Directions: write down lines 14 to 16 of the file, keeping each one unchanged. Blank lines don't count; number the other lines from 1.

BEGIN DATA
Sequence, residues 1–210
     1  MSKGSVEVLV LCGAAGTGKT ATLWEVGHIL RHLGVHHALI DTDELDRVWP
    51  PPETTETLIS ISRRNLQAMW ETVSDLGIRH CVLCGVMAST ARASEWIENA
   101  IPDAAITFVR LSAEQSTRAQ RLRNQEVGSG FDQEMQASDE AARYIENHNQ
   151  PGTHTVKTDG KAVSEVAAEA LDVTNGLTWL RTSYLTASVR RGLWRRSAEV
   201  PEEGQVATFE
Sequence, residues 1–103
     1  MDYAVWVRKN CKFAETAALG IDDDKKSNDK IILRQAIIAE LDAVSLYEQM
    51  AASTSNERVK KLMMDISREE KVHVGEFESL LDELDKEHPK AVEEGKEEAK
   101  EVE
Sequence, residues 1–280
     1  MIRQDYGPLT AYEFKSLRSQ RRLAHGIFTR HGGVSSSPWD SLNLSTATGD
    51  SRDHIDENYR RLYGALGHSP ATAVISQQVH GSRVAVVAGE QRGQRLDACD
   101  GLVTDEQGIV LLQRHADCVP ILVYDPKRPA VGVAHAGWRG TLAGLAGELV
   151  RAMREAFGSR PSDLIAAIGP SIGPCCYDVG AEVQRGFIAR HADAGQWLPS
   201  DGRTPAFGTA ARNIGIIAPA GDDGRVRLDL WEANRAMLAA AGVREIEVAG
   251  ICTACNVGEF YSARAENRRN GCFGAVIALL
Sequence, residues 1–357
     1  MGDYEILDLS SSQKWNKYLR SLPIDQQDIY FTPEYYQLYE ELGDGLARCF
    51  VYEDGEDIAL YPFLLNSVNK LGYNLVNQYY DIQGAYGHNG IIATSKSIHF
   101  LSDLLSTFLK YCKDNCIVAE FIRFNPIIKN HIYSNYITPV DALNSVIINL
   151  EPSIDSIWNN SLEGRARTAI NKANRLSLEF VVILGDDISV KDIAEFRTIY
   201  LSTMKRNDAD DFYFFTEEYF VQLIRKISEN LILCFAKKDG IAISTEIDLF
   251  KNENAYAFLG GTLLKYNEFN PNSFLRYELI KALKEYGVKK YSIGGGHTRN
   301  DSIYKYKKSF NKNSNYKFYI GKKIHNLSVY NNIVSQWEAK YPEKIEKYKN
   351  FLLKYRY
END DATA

   101  GLVTDEQGIV LLQRHADCVP ILVYDPKRPA VGVAHAGWRG TLAGLAGELV
   151  RAMREAFGSR PSDLIAAIGP SIGPCCYDVG AEVQRGFIAR HADAGQWLPS
   201  DGRTPAFGTA ARNIGIIAPA GDDGRVRLDL WEANRAMLAA AGVREIEVAG